Faculty Postgraduate Prize Winners 2011
8 February 2012
Many congratulations to David Kipping, winner of the 2011 Faculty Postgraduate Research Prize, and to Marian Breuer, winner of the 2011 Faculty Postgraduate Taught Prize.
Postgraduate Research Prize
The 2011 Postgraduate
Research Prize was awarded to David Kipping for the exceptional quality
and originality of his PhD thesis and his single-author publication record.
Prof. Tania Monteiro noted that:
Kipping’s thesis work is remarkable in that in it he started, virtually
single-handedly, a new field of study: the search for exo-moons – that is, the
moons of planets going around the distant stars. His work, principally
published in fourteen well-cited first-author papers in the first-rank
peer-reviewed literature (seven of these sole-author), now forms the foundation
of the search for exo-objects with space facilities such as the NASA Kepler
“David’s work is significant because it has been at the vanguard of the development of the statistical theory of transit observations. His promotion of the idea that exo-moons may be one of the most important areas to look for habitable worlds has brought him to the attention of a wider international community”.
David is now a Carl Sagan Fellow at Harvard University where he is researching extrasolar planets and moons. Looking back at his time at UCL, David noted:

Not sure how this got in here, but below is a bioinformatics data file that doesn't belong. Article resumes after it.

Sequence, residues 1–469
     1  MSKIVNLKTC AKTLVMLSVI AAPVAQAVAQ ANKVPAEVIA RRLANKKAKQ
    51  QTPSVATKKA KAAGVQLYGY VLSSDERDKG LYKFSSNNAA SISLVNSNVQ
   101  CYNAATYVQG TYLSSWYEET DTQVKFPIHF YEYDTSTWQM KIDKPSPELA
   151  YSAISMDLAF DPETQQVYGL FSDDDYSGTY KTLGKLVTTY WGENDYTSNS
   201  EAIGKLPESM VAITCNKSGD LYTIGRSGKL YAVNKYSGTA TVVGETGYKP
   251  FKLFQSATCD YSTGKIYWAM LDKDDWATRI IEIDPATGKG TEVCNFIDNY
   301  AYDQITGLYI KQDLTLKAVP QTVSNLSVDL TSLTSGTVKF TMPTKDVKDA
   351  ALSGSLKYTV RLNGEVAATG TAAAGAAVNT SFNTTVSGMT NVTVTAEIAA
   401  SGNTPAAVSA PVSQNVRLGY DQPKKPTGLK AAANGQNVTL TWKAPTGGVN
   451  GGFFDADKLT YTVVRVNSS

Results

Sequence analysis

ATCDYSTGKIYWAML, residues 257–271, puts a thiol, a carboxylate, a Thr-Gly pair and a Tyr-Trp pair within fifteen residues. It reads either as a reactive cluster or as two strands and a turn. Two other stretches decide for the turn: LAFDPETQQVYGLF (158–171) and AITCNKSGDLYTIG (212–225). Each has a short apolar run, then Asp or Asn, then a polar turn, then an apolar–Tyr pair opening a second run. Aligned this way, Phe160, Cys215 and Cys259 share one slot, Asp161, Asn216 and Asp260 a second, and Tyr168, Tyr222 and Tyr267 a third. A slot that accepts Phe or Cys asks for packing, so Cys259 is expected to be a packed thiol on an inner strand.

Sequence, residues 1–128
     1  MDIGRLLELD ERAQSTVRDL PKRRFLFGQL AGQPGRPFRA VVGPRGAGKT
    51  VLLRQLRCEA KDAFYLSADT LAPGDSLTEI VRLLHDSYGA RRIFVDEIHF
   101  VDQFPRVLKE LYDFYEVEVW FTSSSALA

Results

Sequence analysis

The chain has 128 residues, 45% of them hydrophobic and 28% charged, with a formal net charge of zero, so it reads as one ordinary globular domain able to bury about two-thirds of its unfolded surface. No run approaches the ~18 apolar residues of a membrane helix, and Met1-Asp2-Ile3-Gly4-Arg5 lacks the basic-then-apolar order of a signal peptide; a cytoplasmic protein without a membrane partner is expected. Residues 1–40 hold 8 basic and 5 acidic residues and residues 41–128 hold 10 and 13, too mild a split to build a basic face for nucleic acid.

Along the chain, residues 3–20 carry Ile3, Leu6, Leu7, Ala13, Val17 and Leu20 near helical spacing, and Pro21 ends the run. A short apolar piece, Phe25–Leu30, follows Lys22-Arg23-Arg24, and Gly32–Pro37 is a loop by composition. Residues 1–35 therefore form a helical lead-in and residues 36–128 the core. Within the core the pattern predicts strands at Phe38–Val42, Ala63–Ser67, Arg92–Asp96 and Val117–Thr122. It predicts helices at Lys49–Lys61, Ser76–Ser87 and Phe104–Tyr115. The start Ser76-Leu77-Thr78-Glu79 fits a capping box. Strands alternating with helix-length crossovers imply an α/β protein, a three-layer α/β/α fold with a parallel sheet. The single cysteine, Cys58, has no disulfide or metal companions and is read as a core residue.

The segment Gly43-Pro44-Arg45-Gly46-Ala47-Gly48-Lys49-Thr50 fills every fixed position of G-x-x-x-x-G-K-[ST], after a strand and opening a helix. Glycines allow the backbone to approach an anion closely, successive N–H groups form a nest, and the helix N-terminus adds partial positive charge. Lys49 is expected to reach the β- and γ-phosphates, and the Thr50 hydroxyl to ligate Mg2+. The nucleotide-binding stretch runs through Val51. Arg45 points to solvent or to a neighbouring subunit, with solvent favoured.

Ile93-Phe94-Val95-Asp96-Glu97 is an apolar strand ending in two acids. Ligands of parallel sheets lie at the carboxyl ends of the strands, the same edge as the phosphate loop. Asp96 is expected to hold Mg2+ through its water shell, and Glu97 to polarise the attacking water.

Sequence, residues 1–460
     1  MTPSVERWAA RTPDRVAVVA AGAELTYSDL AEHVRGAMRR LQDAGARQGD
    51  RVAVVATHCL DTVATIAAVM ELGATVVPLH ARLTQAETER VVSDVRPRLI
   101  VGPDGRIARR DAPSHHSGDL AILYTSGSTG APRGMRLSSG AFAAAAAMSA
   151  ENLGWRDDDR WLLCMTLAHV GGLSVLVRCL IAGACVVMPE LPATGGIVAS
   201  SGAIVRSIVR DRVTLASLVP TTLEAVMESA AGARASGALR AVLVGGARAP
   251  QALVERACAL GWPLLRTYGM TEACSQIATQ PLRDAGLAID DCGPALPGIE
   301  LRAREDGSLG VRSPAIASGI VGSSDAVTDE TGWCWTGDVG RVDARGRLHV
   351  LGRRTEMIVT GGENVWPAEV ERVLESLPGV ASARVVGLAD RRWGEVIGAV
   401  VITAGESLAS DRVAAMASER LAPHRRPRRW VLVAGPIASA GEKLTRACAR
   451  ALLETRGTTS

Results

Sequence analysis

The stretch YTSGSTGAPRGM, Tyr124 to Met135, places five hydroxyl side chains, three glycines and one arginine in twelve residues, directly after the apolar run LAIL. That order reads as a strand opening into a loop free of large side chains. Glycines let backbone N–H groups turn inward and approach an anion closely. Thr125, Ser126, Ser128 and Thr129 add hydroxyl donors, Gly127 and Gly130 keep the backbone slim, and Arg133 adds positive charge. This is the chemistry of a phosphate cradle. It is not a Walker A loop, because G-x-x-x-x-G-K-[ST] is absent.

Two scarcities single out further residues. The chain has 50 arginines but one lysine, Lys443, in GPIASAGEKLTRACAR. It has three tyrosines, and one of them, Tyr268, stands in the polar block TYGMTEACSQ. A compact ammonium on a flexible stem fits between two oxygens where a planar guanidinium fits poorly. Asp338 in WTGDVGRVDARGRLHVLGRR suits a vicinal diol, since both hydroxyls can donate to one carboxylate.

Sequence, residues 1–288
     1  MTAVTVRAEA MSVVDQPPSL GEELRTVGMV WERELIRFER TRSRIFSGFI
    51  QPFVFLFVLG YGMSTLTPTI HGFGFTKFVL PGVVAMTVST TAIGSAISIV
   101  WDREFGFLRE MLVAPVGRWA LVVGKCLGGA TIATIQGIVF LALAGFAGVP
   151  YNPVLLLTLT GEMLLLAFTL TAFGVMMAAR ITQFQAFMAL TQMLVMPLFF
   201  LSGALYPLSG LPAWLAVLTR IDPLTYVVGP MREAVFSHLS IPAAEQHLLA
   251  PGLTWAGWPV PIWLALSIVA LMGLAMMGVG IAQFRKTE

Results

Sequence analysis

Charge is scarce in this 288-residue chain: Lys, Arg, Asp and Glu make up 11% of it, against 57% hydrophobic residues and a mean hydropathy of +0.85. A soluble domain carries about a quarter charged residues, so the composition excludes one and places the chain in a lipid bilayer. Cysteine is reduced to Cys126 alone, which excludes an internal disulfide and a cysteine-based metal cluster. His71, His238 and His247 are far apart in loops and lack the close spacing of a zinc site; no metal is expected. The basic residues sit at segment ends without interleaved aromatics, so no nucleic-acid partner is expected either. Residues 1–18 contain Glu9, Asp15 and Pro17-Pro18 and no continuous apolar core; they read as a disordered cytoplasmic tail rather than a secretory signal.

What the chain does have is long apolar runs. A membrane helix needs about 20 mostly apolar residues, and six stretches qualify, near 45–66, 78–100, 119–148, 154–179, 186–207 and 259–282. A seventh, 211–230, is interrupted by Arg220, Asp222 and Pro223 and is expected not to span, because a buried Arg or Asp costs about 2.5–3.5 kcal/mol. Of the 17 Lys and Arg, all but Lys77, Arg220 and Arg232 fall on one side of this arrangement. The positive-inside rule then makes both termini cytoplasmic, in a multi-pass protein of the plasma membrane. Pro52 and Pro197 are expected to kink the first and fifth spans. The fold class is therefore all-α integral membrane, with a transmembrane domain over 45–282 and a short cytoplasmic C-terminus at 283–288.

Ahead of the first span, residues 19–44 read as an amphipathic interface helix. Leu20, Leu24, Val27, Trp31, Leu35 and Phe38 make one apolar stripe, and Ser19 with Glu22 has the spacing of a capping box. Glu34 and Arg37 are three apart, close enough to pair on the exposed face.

“This is a real honour, especially given the exceptionally high standards of research active across the MAPS faculty. It was a joy to be a researcher at UCL and although I am now in Cambridge, USA, I try to keep strong ties active with my UCL colleagues".
Postgraduate Taught Prize
The 2011 Faculty Postgraduate Taught Prize was awarded to Marian Breuer for his outstanding achievements on the MRes in Molecular Modelling and Materials Sciences course. Marian achieved an exceptional set of marks, including 90% for his project work. He is now a PhD student in the CMMP group.
Dr Jochen Blumberger noted that:
“Marian has made great progress in the theoretical characterization of the thermodynamics of electron flow in a bacterial deca-heme protein using high performance computing. On the basis of his first year work, we have written up a manuscript that will be submitted to one of the leading Chemistry journals in due course. This is evidence for the high quality of the data Marian produced - a great achievement for an MRes student”.
Marian noted that:
"We still have a long way to go. We now have an idea of the free energy landscape for electron transfer through our protein, but our understanding of how electron transfer through MtrF works is far from complete”.